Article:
Windows Server: VPN Access [closed]

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A server stack is the collection of software that forms the operational infrastructure on a given machine. In a computing context, a stack is an ordered pile. A server stack is one type of solution stack — an ordered selection of software that makes it possible to complete a particular task. Like in this post about Windows Server: VPN Access [closed] was one problem in server stack that need for a solution. Below are some tips in manage your windows server when you find problem about windows, security, vpn, openvpn, .

Currently I am running a Windows Server in a local network which is not accessible from Internet.
But I need to expand my business and need to move the server to a more powerful one which will be hosted in Internet. Hosting local is no longer possible due to the expansion.

The server will be a dedicated one which will act as a Domain Controller. Hyper-V is running and a hosting a guest Windows Server which has its own public IP and serves Remote Desktop Services. Several programs can be access through Remote Desktop.

But that will not be a secure environment because rds and the DC will be accessible through Internet.

Will VPN a good solution? Where do I need to install the VPN Server? Can I install it on the server which is serving RDS? The DC will join this VPN and I can use it there?
The client should be connected as site-to-site VPN.

Can I improve anything?

My 2 cents?

Always use VPN when you access remote ressources.

I will always setup firewall on a remotely hosted machine, where all incoming traffic is denied, with the notable exception being traffic bound for the VPN port.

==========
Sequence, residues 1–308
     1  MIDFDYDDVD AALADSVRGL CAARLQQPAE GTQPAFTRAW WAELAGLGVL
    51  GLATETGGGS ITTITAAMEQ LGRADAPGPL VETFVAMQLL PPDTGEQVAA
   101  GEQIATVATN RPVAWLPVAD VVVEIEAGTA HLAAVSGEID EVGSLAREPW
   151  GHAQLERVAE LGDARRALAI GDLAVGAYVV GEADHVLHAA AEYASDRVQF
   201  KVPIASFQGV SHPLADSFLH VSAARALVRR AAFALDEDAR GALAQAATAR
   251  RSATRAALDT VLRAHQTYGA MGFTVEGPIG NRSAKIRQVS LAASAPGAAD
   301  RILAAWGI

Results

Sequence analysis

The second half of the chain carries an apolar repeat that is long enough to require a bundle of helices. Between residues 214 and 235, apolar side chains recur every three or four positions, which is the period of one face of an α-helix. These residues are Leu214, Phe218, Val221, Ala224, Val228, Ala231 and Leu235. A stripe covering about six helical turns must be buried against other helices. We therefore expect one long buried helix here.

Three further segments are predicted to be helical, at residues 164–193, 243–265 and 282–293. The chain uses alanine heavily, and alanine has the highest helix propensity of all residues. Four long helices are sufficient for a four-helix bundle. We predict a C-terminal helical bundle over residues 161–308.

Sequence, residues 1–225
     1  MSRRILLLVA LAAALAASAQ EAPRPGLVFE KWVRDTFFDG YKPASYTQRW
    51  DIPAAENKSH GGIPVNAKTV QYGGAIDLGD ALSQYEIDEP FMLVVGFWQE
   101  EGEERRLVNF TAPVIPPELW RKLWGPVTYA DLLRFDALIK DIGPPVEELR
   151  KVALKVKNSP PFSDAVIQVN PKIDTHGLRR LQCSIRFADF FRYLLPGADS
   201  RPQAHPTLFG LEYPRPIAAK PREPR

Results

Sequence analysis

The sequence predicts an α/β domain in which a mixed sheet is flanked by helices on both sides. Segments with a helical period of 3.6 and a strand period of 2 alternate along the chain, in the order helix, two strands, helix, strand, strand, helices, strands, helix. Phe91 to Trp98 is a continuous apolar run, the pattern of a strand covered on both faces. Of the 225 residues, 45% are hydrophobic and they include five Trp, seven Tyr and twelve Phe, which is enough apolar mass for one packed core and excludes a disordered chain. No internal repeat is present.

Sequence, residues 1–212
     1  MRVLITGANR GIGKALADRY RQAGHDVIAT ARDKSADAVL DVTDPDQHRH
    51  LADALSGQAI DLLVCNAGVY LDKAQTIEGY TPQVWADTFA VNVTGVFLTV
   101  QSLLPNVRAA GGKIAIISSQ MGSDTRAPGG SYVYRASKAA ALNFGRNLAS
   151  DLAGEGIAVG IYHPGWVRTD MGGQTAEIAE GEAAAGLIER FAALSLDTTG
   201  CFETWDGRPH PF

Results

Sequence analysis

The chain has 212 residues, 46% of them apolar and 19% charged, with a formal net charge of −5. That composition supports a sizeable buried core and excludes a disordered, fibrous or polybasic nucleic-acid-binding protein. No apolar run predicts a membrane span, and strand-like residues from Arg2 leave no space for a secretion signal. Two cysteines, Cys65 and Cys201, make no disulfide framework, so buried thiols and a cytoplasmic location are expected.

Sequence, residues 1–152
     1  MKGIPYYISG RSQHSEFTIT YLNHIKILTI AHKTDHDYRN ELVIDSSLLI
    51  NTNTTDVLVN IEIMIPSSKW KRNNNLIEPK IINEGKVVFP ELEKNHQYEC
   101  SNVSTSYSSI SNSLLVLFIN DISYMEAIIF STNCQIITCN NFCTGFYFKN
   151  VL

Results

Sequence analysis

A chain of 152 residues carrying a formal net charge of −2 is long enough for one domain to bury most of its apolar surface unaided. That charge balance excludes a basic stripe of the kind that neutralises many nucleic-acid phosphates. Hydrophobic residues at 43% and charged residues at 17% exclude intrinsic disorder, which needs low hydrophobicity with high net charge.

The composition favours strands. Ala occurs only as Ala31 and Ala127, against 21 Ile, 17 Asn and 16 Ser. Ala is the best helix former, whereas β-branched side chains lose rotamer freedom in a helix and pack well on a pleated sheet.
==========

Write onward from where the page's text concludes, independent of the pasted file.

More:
The only other ports I would open is for SMTP and IMAP if it is a mail server and port 80 and 443 if it is a Web server.

The ports allowed in the firewall depends on the VPN software, like:

  • 500/UDP and 4500/UDP for IPsec.
  • 1194 TCP/UDP for OpenVPN (depending on service).
  • 51820/UDP for WireGuard

The software you choose for your VPN depends on quite a few things, but mainly how you want to integrate it into existing setup.

That being said: From a purely bandwith speed point of view the preferred order is WireGuard, IPsec and finally OpenVPN.

If simplicity is the goal, well… Stay clear of IPsec! You can do a lot with it, but it is not userfriendly.

As for authentication against the VPN server, there are several options, such as client certificates and/or login with username and password. It all depends on which kind of VPN software you want to use.

You may want to look into the “hub and spoke” architecture, when you are designing your VPN. It is useful when you want communication between individual clients as they can communicate with each other by using their VPN assigned ip address.

It is even possible to do site to site routing between two subnets over the VPN connection.

Beware though as with all hosted traffic. You will have to monitor how much traffic is exchanged over VPN, as hosted solutions usually comes with a limit on how much data you are allowed to upload and download combined and data sent from one client to another client counts twice as it is simultaneously an upload and a download depending on which direction you are looking from.

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